Returning to his new home of Chicago, second only to New York in its boxing prestige, Webb knocked out old rival Bobby Boyd in round one of their fight in dramatic fashion. These victories made Spider a very undesirable opponent for most of the top ranked middleweights. Another old opponent, Neal Rivers stepped in having only lost on a decision to Webb on a previous occasion. Rivers looked like he might score upset when he had Spider in trouble in round three. However, Webb came back harder in round four and totally overwhelmed his opponent to score a technical knockout.
Given the huge threat Webb was presenting, many have credited Gene Fullmer for his willingness to fight him in his first title defence. He signed the contract very soon after he had won the vacant title on 28th August 1959.
Ellsworth “Spider” Webb stood at 185 cm with 177 cm reach. His record stood at 33-4-0.
Gene Fullmer versus Ellsworth Webb NBA World Middleweight Championship 04.12.1959
The fight took place at George Nelson Field House, Logan in Fullmer’s home state of Utah. Although the bookies had Fullmer as the 7-5 favourite, Robert J. Thornton the Managing Director of Boxing Illustrated stated that most of the smart money was on Webb.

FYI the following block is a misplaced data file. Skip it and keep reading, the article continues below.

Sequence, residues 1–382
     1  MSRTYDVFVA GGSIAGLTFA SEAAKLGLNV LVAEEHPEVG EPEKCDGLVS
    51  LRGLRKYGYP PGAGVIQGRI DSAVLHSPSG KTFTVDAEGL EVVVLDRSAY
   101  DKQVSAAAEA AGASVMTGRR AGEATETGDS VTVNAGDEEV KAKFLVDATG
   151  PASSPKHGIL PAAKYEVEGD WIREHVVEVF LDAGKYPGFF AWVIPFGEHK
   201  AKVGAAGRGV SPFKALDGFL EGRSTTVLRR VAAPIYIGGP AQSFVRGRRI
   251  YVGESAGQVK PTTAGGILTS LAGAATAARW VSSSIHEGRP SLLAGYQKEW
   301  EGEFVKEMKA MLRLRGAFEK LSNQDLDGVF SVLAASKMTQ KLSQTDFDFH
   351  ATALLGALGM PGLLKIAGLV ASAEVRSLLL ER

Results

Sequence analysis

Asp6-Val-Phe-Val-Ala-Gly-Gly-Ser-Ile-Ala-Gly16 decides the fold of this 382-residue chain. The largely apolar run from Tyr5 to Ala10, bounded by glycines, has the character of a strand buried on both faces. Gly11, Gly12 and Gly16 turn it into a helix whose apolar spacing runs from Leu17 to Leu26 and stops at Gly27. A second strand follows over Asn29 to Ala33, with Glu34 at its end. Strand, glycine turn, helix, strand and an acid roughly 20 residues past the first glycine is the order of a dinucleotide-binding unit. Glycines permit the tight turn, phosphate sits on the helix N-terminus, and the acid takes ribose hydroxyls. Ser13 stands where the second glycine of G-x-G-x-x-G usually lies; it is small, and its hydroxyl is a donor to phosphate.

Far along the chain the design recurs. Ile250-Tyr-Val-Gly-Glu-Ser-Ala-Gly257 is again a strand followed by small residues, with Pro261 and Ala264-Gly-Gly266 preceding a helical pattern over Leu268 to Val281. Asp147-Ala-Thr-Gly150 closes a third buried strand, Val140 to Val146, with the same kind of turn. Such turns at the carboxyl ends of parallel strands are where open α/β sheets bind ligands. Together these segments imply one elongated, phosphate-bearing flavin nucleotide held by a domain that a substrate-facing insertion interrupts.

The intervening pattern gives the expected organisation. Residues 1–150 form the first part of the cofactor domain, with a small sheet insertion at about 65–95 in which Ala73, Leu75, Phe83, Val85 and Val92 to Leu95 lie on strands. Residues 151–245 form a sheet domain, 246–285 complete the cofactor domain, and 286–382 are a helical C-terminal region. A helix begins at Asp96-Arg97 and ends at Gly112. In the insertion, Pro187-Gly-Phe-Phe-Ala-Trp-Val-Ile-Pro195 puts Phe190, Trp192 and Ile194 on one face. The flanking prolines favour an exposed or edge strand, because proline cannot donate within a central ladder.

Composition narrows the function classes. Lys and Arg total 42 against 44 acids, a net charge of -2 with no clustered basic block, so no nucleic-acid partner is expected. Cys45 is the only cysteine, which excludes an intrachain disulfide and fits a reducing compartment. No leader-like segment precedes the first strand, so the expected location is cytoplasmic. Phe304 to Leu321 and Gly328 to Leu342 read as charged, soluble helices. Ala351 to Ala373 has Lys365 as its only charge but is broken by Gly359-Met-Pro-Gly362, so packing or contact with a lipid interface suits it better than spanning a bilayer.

Early in the fight Webb seemed to charge and Fullmer went on the back foot. Some of Fullmer’s charges were avoided and Webb scored prolifically with his jab. However, long before the halfway point Gene was beginning to spoil Spider’s rhythm. By round six I had the match scored fairly even with Fullmer landing most of the power punches and Webb scoring more punches overall.
Boxing journalists were baffled by how Fullmer could give a technician like Webb so much trouble. He seemed to defy the conventions of the day. However, a closer look at his style revealed it wasn’t as clumsy and brash at it first seemed. His fight with Basilio showed how when it came to two swarmers, the more technically proficient would win. Fullmer had a peculiar approach. His reverse cross arm guard, which did not surface until round two, has forced him to punch very differently than most other boxers. Just about every one of his punches was angular. His jab fell somewhere between an overhand and a hammer fist strike and his rear hand was regularly thrown a swinging diagonal overhand reminiscent of Max Baer’s terrifying punch. At close range he did all the work in the clinch, landing sharp uppercuts and also devastating body shots. His right hook to the body, which had been his undoing in his last fight with Sugar Ray Robinson, was also present and helped build up his points.